Jacob got angry, suggests the Akeidat Yitzchak, because by saying: Give me children or I’ll die Rachel was denying the isha aspect of her personality, the part of womanhood that is the same as man, implying that because she couldn’t have children there was no other value to her existence. As important as the Torah views having children, bearing children does not completely define the purpose of womanhood. There is another dimension to womanhood, namely, to advance oneself intellectually, morally, spiritually as any man’s goal is in life. This of course is not to negate the absolute significance and importance of having children, just to teach that it alone does not define womanhood.
Ruth B. Wildes z”l (1939-1995) (Courtesy)
My mother, whose 24th Yahrtzeit I am now observing, viewed her role as a mother as central to her existence. She absolutely loved being a mother and took that role seriously and she held it with great pride. She was one of those mothers who couldn’t stop talking about her children, so much so, my brother and I used to call her our walking resumes. At the same time, she was actively involved in developing herself spiritually and in building up the community in which she lived.
My mother was a very religious and spiritual person. She loved to study and to learn, always running to Torah classes and always urging our father to learn with my brother and myself, which he always did and which we thankfully continue to this day. She loved to pray regularly. She had a book of Tehilim (Psalms) by her bedside. I remember when she got sick and was having a hard time concentrating, I told her she was exempt from praying because of her medical condition. I realized quickly that advise was of no help to her because she needed to pray. She needed to feel that connection with God with whom she felt so close.
My mother was also a great leader in the community. In the late 1970’s/80’s she helped resettle thousands of Soviet Jews who moved into Forest Hills, our neighborhood in Queens, NY. She ran around collecting furniture, clothing and helping countless families settle into our community. And she was such a gracious host, opening her home on Shabbat to friends and strangers alike. My first rabbi gig was in Forest Hills, at The Queens Jewish Center where I ran a Beginners Service every Shabbat. I was single, and so almost on a regular Shabbat basis, I’d bring people home to my family so they could see how my mother made Shabbos. She had this winner combination of warmth and elegance which she brilliantly used to make people feel at home. She inspired many Jews to share her love for Shabbat and ultimately for Yiddishkeite, which is why we dedicated MJE in her memory – to perpetuate the kindness she regularly practiced, the chesed she did for so many individuals in our community.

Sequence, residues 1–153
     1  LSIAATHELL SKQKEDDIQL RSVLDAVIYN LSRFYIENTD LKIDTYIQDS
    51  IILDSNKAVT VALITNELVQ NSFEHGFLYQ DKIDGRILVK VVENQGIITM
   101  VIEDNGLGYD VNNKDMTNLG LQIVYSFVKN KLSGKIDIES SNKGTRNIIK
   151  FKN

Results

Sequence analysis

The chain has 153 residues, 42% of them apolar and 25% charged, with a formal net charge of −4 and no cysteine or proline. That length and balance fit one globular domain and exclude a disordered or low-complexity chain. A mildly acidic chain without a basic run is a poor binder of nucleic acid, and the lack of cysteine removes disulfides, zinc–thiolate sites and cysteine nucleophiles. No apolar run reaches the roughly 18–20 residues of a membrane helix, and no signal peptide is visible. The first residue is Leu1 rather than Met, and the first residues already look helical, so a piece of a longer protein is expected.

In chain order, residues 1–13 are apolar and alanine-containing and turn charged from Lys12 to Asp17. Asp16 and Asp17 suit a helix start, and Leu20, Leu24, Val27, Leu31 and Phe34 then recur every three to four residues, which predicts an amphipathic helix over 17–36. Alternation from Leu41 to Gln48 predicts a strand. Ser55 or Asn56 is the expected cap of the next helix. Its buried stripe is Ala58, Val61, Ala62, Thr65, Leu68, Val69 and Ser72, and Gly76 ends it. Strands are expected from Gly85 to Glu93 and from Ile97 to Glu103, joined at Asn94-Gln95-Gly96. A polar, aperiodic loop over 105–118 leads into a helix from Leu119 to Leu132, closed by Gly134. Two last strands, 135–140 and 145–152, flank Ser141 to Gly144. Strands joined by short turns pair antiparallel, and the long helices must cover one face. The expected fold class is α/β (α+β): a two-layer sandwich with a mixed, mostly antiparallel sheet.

MJE has followed her model, opening its doors to tens of thousands of our Jewish brothers and sisters, and like our mother, sharing Shabbat and the power of the Jewish community with all, creating a venue in which 323 couples have met and married! My mother would have been especially proud of that accomplishment.
She was both a “Chava” – an amazing mother but also an “Isha” – someone who advanced herself morally and spiritually and helped so many others do the same. In a day and age where woman are thankfully given great opportunities than ever before but also struggling to find the right balance, my mother serves as an example of successfully combining the different aspects of womanhood. May her memory serve as blessing.